Economic growth depends on an ability to access relevant information. Although censorship prevents access to certain information, the direct consequences of censorship are well-known and somewhat predictable. For example, blocking access to Falun Gong literature is unlikely to harm a country’s consumer electronics industry. On the web, however, information of all types is interconnected. Blocking a web page might have an indirect impact reaching well beyond that page’s contents. To understand this impact, let’s consider how search results are affected by censorship.
Search engines keep track of what’s available on the web and suggest useful pages to users. No comprehensive list of web pages exists, so search providers check known pages for links to unknown neighbors. If a government blocks a page, all links from the page to its neighbors are lost. Unless detours exist to the page’s unknown neighbors, those neighbors become unreachable and remain unknown. These unknown pages can’t appear in search results — even if their contents are uncontroversial.
When presented with a query, search engines respond with relevant known pages sorted by expected usefulness. Censorship also affects this sorting process. In predicting usefulness, search engines consider both the contents of pages and the links between pages. Links here are like friendships in a stereotypical high school popularity contest: the more popular friends you have, the more popular you become. If your friend moves away, you become less popular, which makes your friends less popular by association, and so on. Even people you’ve never met might be affected.
“Popular” web pages tend to appear higher in search results. Censoring a page distorts this popularity contest and can change the order of even unrelated results. As more pages are blocked, the censored view of the web becomes increasingly distorted. As an aside, Ed notes that blocking a page removes more than just the offending material. If censors block Ed’s site due to an off-hand comment on Falun Gong, he also loses any influence he has on information security.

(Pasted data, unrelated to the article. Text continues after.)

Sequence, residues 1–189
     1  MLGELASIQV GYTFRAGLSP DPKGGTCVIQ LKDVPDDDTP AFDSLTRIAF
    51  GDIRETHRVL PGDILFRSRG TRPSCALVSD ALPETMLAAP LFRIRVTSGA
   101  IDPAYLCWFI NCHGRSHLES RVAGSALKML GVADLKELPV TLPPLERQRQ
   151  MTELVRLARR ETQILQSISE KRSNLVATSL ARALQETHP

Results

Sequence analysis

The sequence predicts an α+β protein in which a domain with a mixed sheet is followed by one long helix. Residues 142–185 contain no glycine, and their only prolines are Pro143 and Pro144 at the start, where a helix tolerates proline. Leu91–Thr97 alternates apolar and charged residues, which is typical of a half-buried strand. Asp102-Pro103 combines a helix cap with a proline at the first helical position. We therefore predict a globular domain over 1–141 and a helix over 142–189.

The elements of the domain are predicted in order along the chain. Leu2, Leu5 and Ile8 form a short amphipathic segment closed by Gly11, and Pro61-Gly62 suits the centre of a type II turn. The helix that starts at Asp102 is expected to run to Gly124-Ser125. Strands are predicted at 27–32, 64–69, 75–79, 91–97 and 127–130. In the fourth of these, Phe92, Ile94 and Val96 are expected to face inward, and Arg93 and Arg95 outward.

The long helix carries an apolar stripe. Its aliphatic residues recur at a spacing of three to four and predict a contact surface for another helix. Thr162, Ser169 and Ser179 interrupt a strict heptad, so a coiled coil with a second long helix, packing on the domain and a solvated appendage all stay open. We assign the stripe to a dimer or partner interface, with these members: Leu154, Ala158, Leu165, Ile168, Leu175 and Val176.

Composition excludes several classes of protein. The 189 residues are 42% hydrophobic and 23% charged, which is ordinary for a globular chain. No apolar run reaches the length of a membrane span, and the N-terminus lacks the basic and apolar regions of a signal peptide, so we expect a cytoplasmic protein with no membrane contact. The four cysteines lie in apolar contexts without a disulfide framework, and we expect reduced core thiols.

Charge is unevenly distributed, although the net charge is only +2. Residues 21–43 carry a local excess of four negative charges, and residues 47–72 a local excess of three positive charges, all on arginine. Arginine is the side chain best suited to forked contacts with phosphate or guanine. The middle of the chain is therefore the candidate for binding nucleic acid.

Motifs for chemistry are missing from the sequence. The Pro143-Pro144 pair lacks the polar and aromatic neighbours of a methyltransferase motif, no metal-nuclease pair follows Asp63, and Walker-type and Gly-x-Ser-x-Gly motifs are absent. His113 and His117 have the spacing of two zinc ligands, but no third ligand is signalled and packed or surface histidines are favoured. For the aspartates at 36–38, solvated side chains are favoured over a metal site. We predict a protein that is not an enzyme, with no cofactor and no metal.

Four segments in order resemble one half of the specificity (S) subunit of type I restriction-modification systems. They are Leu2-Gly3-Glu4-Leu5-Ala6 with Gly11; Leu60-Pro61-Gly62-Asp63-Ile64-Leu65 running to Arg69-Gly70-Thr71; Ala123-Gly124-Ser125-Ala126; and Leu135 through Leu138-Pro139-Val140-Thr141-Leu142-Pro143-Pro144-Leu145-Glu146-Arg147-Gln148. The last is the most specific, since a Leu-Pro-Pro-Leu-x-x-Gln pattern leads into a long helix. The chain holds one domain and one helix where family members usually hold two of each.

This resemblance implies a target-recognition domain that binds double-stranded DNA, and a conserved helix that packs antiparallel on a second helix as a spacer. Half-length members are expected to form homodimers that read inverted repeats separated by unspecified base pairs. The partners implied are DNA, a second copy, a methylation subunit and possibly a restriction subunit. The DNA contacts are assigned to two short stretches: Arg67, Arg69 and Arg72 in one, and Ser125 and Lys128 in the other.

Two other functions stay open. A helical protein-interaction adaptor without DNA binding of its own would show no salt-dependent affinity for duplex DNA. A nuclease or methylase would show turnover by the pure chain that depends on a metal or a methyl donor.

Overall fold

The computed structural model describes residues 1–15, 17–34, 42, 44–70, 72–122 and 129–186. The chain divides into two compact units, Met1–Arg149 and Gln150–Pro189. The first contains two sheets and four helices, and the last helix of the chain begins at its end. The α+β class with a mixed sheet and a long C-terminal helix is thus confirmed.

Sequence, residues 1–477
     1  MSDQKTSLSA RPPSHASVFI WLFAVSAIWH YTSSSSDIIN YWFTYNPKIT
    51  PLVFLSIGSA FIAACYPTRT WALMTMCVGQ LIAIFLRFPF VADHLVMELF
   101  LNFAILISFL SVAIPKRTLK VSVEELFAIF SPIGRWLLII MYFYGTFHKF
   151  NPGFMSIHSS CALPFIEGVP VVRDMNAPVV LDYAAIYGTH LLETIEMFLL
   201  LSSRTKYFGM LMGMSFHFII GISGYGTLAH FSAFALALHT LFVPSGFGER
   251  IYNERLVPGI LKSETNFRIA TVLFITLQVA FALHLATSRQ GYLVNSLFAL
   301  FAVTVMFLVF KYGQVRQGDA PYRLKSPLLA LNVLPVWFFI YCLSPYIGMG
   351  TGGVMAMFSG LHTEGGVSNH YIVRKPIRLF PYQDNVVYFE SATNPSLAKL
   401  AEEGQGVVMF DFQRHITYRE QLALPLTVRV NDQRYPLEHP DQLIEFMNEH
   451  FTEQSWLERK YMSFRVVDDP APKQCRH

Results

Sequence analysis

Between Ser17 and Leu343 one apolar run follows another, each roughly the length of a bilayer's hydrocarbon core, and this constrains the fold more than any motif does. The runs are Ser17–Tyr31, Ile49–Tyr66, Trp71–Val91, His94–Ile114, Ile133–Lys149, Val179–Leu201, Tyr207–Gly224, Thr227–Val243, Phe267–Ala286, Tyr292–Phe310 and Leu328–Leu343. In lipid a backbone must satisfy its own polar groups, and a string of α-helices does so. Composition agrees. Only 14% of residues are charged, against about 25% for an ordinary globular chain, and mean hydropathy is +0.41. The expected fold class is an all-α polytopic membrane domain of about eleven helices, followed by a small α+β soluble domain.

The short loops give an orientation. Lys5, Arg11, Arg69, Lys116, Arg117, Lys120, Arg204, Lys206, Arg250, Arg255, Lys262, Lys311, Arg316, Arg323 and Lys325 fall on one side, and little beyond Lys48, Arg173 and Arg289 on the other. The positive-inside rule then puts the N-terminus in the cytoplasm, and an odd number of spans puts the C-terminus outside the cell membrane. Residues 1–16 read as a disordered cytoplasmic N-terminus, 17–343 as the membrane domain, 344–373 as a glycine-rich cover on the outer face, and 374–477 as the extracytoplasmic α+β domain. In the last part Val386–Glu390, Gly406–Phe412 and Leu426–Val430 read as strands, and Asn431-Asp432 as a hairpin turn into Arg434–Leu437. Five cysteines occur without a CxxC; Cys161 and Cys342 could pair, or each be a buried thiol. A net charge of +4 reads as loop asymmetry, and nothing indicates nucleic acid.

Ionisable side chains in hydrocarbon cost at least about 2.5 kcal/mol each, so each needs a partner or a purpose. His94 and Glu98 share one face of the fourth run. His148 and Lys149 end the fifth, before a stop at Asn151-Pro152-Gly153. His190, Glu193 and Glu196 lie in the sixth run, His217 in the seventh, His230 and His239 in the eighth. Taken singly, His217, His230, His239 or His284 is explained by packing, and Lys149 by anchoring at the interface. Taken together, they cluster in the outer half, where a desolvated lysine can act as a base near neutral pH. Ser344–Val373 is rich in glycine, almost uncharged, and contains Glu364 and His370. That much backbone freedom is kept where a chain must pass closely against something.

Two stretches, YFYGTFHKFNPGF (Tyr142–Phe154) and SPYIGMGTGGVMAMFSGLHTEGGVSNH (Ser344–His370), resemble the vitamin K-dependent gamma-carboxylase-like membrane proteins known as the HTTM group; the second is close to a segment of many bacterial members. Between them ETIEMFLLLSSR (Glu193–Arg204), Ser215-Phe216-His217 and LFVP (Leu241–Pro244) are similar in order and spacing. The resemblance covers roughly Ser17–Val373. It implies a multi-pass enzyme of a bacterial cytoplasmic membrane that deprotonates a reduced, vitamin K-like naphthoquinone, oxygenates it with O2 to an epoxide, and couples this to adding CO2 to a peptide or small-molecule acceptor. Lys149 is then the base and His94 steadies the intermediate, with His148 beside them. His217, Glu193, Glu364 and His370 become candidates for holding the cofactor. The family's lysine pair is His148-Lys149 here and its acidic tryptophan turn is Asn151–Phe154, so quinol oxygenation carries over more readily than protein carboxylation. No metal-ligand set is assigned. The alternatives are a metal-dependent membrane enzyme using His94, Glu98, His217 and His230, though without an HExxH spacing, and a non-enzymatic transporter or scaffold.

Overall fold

These effects would typically be rare and have a disproportionately small impact on popular pages. Google’s emphasis on the long tail, however, suggests that considerable value lies in providing high-quality results covering even less-popular pages. To avoid these issues, a government could allow limited individuals full web access to develop tools like search engines. This approach seems likely to stifle competition and innovation.
Countries with greater censorship might produce lower-quality search engines, but Google, Yahoo, Microsoft, and others can provide high-quality search results in those countries. These companies can access uncensored data, mitigating the indirect effects of censorship. This emphasizes the significance of measures like the Global Network Initiative, which has a participant list that includes Google, Yahoo, and Microsoft. Among other things, the initiative provides guidelines for participants regarding when and how information access may be restricted. The effectiveness of this specific initiative remains to be seen, but such measures may provide leading search engines with greater leverage to resist arbitrary censorship.
Search engines are unlikely to be the only tools adversely impacted by the indirect effects of censorship. Any tool that relies on links between information (think social networks) might be affected, and repressive states place themselves at a competitive disadvantage in developing these tools. Future developments might make these points moot: in a recent talk at the Center, Ethan Zuckerman mentioned tricks and trends that might make censorship more difficult. In the meantime, however, governments that censor information may increasingly find that they do so at their own expense.